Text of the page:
Monday, May 14, 2007

Crazy Mary

The title character in A.R. Gurney's new play is the (somewhat disputed) scion of a formerly prominent Buffalo family who has been interned in a tony sanatorium for the rich since the early 1970s. In that time, no member of the clan has been for a visit, and she rarely speaks; she prefers to pass the time alone in her room, listening to classical music and opera on the radio. Her solitude is ended one day when her last surviving relative--a distant cousin who is now her legal guardian--pays a visit with her college age son to investigate the mysterious circumstances that her new "ward" has been living with over the past thirty-odd years.

Sounds a bit hokey, right? I had worried that in the hands of Gurney, Crazy Mary would come off as far too schematic and situational, but my fears were dispelled after the first scene of Act One. Alternately hilarious and harrowing, this is Gurney's best new work in quite some time, and the smart production it is being given by Playwrights Horizons accents both the quirkiness and the heart of the piece exquisitely.

In recent years, Gurney has moved away from his former calling card, the drawing room farce, favoring pieces that are more pointed and political in nature. And--to this theatregoer at least--very few of his current works have been overly successful on a whole. Gurney is a good writer but he's not as well-versed in the language of political theatre as some of his contemporaries, often leaving his pieces dry and far too ambitious. Aside from a few stale jokes about the Republican Party, Gurney finally manages with this play to bridge the gap between his genres of choice, creating a wonderfully overwrought comedy that retains an edge from start to finish.

It is never a question of whether or not Mary (Kristine Nielsen) is truly crazy; it seemed fairly obvious to me, although others may disagree. When we first meet her, she is a shell of a woman, rocking back and forth and mostly oblivious to the world around her. However, a case of mistaken identity firmly returns Mary to the land of the living. A question still remains, though: Is the newly "reborn" Mary living in the same world as those around her?

Nielsen--who, for my money, is one of the best theatre actresses we have in New York--is deeply affecting as a woman who fell victim to the silence of an icy patrician world, never knowing how to fit in or what to do to please the people she loved. She is reminiscent of Miss Haversham, desperately clinging to the only time that she was happy because it is the only thing that can define her.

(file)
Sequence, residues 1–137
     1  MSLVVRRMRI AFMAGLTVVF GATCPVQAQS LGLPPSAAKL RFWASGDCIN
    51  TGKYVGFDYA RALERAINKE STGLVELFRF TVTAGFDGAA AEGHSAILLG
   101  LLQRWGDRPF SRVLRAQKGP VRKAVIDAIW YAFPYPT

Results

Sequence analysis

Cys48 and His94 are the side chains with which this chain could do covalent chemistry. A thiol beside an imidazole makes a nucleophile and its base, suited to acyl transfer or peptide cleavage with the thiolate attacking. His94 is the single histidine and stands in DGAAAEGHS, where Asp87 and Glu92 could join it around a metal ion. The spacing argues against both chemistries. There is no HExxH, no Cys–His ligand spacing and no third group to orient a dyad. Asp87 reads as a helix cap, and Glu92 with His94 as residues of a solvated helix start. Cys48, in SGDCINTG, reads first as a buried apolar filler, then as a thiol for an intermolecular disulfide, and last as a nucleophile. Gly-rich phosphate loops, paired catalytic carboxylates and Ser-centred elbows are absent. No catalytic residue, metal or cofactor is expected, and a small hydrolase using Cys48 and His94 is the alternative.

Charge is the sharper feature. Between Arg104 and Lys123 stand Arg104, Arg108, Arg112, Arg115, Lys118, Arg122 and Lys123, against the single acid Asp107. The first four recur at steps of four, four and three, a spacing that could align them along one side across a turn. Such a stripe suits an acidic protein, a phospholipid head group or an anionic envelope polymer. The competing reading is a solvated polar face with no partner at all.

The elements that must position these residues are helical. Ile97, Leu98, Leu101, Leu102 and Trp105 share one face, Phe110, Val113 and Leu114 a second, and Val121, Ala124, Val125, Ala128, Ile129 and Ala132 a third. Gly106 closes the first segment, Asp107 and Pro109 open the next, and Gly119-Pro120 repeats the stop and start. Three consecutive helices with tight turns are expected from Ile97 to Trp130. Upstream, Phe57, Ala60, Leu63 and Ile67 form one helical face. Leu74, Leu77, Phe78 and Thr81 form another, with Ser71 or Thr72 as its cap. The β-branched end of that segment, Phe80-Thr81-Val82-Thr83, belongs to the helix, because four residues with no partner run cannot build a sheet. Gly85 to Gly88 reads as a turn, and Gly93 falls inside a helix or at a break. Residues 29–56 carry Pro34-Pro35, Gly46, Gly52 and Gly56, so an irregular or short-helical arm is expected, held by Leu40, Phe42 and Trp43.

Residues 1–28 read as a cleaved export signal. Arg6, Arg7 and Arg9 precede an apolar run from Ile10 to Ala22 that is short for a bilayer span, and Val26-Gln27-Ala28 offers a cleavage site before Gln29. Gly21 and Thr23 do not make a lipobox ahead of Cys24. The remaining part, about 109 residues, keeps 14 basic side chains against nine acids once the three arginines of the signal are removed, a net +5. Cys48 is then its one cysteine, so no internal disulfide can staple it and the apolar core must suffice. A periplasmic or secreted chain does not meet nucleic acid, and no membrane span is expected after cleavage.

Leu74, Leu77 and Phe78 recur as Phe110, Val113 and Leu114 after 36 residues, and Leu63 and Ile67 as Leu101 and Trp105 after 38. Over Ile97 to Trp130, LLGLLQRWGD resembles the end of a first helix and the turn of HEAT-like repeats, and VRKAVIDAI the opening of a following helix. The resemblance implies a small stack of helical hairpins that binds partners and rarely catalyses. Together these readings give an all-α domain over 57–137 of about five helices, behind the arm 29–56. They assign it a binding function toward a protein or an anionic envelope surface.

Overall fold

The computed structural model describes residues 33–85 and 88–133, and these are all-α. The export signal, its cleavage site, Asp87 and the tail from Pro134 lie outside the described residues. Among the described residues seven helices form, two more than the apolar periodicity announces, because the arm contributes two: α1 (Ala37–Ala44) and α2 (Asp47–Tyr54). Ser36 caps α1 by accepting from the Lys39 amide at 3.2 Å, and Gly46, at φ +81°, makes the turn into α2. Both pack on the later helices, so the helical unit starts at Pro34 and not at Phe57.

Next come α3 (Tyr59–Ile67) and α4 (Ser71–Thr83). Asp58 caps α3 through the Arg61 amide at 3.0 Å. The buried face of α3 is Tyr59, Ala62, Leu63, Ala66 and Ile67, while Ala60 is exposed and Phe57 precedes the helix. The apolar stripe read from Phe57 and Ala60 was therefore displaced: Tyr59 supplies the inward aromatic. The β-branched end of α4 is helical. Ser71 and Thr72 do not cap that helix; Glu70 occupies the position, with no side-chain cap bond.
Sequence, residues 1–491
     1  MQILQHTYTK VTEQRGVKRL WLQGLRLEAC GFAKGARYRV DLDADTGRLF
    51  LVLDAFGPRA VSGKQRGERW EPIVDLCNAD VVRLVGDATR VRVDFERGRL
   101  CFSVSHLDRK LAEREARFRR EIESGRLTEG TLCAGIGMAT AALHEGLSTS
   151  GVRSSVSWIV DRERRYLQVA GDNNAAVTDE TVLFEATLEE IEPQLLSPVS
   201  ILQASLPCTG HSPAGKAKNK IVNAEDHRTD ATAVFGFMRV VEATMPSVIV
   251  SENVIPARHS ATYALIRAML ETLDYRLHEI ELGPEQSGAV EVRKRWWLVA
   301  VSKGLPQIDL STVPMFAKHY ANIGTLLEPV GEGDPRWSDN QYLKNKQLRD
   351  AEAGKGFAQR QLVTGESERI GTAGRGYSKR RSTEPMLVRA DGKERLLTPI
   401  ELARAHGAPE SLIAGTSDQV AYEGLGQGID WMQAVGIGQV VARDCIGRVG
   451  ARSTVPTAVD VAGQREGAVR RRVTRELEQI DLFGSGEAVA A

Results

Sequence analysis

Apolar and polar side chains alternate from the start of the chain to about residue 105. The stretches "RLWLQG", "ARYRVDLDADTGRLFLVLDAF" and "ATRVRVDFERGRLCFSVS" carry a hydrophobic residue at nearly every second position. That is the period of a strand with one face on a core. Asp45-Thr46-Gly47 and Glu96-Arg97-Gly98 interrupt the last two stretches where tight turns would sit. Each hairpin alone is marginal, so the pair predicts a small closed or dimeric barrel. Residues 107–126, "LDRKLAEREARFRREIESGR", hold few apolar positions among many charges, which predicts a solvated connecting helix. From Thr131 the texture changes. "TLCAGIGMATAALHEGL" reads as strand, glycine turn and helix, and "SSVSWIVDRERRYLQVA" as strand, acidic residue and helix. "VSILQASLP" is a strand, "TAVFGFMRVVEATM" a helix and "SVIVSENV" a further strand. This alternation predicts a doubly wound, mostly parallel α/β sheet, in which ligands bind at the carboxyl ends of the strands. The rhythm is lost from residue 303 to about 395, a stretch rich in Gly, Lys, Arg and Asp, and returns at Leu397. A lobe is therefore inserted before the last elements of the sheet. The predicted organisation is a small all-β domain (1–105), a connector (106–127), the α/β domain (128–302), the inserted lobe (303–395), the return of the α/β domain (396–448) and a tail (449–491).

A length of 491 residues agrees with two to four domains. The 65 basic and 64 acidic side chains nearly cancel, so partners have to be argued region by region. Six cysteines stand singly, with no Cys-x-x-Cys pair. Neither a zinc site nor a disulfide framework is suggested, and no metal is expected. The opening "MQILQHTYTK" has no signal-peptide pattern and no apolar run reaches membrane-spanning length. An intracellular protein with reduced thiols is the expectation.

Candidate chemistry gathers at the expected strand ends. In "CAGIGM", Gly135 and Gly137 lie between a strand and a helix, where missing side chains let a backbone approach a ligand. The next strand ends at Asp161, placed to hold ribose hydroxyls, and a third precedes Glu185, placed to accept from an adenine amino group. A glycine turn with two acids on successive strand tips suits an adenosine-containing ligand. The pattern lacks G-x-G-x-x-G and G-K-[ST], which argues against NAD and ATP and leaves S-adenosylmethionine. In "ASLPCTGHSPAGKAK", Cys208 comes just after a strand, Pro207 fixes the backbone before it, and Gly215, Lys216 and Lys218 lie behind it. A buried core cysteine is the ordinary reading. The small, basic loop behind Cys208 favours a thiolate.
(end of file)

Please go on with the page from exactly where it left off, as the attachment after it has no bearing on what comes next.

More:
In a welcome return to the stage after a few dormant years, Signourney Weaver does an astute job playing Mary's cousin with ulterior motives. She works very hard to make sure that her character--a woman who longs to resurrect the glory of her past--never feels like a one-dimensional ice princess, and the progression she makes throughout the show never feels anything less than utterly genuine. Michael Esper is terrific as her son, a young man who isn't comfortable being the "last hope" of the once-great family. His scenes with Nielsen, who projects the buoyancy of a bobby soxer around him, are delightful and truly heartfelt. Mitchell Greenberg and Myra Lucretia Taylor both shine in supporting roles, and the production is directed with careful precision by frequent Gurney collaborator Jim Simpson.

When Mary finally achieves the validation of her family--something she has longed for since childhood--she finds her voice. With this exciting new work, it appears that A.R. Gurney is finding his voice once again.

Tickets: Ticket Central
Subject to availability, students with a valid ID can purchase tickets for $15 one hour prior to curtain at the box office. Limit 1 per person.
Playwrights Horizons
416 West 42nd Street
New York, NY 10036
Running time: 2 hours and 15 minutes with intermission
Through June 17

Cameron Kelsall is a guest reviewer for this blog. He also runs the blog Theatre Snobbery at its Finest, which can be read at

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